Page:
The fact that most (64, 63%) NPCs in our study were first detected by nasal endoscopy underscores the importance of performing nasal endoscopy for high-risk patients at the initial Oto-HNS visit. High-risk patients include any patient from China or Southeast Asia who present with an ear complaint, neck mass, nasal obstruction or cranial symptoms. Considering that nasal endoscopy is relatively quick to perform and virtually risk free, the threshold for its use should be very low for high-risk patients. Additionally, an understanding of the high false-negative rate associated with this examination is important when interpreting the findings. When a high-risk and symptomatic patient has negative nasal endoscopic exam findings, MRI should be considered for further evaluation for NPC. Figure 4A provides an example of an NPC that went undetected on endoscopic exam; a large tumor is visualized on MRI.
Figure 4 (A) Example of a T4b nasopharyngeal carcinoma (NPC) with an endoscopic examination that was initially normal. (B) Example of an endophytic NPC initially interpreted as normal on this computed tomography sinus scan without contrast. The arrow points to a tumor in the right parapharyngeal space.


A nasopharyngeal lesion was not reported by the radiologist after viewing 33% of initial scans. During our rereview with our neuroradiologist, 91% of these scans revealed a nasopharyngeal lesion. Some lesions were subtle and probably detected on the basis of a priori knowledge of the presence of NPC; however, some lesions were obvious. The first imaging study technique was highly variable (Table 2), which reflects the assorted symptom indications and diversity among ordering physicians. One-quarter of first scans were ordered by a non-Oto-HNS.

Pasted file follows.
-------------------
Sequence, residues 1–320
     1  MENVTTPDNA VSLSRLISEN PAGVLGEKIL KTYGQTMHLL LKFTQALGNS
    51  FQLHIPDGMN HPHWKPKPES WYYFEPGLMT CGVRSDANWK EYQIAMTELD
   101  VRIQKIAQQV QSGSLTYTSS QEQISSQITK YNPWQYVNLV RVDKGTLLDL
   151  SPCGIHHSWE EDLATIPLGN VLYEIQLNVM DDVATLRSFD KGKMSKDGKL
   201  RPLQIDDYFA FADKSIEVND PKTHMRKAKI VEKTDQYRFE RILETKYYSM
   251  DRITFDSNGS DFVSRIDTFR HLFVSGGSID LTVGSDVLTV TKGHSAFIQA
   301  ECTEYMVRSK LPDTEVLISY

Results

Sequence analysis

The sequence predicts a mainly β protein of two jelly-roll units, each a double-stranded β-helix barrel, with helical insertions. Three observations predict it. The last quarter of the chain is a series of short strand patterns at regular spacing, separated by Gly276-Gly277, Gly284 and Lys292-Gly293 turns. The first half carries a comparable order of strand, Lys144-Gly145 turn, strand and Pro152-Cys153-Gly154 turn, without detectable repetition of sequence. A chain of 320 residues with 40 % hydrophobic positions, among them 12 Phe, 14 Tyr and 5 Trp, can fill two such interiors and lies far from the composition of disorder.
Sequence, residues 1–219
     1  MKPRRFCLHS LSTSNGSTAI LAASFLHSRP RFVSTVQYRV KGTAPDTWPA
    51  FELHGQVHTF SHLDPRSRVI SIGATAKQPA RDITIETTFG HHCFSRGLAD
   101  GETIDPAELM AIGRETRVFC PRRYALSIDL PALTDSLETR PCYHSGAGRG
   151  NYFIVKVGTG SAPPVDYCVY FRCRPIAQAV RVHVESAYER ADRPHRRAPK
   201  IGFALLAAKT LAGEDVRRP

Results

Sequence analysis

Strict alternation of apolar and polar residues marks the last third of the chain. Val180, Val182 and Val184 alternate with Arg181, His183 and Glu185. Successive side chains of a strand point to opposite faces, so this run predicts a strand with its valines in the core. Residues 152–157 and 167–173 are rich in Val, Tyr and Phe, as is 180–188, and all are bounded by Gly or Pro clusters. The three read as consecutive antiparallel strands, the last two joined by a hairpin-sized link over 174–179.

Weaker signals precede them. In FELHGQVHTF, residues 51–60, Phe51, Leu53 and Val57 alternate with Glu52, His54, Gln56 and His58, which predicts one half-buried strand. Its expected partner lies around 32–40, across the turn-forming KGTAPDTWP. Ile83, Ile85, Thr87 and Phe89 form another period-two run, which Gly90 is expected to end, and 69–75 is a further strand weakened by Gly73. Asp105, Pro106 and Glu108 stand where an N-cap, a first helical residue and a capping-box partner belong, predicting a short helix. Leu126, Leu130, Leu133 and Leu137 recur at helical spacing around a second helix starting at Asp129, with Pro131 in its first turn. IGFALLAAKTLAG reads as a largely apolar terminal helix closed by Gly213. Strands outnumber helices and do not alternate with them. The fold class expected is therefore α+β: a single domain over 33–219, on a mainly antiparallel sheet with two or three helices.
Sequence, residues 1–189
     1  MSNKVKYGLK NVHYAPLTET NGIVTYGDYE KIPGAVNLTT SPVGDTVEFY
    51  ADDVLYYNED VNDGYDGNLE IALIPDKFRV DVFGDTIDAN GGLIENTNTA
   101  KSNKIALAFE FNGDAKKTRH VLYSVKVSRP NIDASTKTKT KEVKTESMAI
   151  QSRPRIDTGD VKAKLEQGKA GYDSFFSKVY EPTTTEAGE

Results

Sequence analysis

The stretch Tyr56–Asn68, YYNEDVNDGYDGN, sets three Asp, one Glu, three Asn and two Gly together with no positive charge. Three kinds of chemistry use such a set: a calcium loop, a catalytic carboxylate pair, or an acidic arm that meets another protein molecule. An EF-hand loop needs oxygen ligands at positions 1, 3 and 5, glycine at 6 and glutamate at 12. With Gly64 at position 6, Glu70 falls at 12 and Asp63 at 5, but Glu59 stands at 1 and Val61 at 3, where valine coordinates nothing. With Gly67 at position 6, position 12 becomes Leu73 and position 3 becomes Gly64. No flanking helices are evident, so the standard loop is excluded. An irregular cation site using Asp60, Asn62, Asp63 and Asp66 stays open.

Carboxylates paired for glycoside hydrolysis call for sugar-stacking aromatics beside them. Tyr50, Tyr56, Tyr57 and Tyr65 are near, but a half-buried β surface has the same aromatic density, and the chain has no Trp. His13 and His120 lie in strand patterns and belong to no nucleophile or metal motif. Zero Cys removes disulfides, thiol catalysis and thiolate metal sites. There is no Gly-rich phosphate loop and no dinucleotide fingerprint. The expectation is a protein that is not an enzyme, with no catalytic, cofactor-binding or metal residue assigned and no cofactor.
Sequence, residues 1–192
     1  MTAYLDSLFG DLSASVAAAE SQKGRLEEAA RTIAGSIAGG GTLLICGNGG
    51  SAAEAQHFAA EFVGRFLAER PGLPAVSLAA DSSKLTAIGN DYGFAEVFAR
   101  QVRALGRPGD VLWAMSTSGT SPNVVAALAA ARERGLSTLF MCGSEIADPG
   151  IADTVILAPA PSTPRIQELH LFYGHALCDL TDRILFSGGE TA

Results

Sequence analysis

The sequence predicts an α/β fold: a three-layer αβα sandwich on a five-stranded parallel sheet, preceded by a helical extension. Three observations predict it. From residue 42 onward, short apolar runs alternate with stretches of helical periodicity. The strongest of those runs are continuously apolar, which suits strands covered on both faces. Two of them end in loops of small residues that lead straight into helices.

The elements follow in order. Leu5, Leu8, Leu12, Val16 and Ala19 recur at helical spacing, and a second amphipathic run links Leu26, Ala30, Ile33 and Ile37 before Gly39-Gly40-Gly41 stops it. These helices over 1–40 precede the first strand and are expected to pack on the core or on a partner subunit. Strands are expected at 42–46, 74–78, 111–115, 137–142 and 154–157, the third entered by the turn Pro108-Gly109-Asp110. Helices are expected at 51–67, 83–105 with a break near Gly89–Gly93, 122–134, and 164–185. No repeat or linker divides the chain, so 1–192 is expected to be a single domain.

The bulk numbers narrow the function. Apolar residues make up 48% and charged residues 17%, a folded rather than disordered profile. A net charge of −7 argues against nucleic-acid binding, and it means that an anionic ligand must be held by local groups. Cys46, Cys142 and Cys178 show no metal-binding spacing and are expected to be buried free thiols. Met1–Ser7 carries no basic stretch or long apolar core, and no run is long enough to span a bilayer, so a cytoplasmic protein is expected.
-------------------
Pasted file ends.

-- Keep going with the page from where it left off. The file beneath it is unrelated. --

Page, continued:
Other studies that have examined the diagnostic accuracy of MRI for NPC found sensitivity to be higher than 90%.10,11 However, these studies were performed in an endemic area on patients “suspected” to have NPC. In our study, the first imaging study was a computed tomography (CT) scan (neck, sinus, or head), MRI, or a positron emission tomography/CT scan in a nonendemic population for which a nasopharyngeal pathology was not suspected 58% of the time.
Although some scans were suboptimal for examination of the nasopharynx (eg, CT sinus and CT head), we contend that some of the false-negative scans can probably be explained by inattentional blindness.12 For example, when the indication was sinusitis, the radiologist likely focused on the sinuses and missed NPC (Figure 4B provides an example of a false-negative imaging study). The high false-negative rate underscores the importance of clinicians communicating clinical context to radiologists when ordering scans. The challenge remains, however, that clinicians themselves often do not suspect NPC and do not communicate this need to the interpreting radiologist. Mastoid opacification was found in 53 (52%) patients and sphenoid opacification in 32 (32%) patients. To our knowledge, these radiographic findings were not previously reported as warning signs for NPC. Although the specificity of these signs is unknown, considering that our cohort was entirely patients with NPC, we feel these signs should prompt astute clinicians to closely scrutinize the nasopharynx in high-risk patients.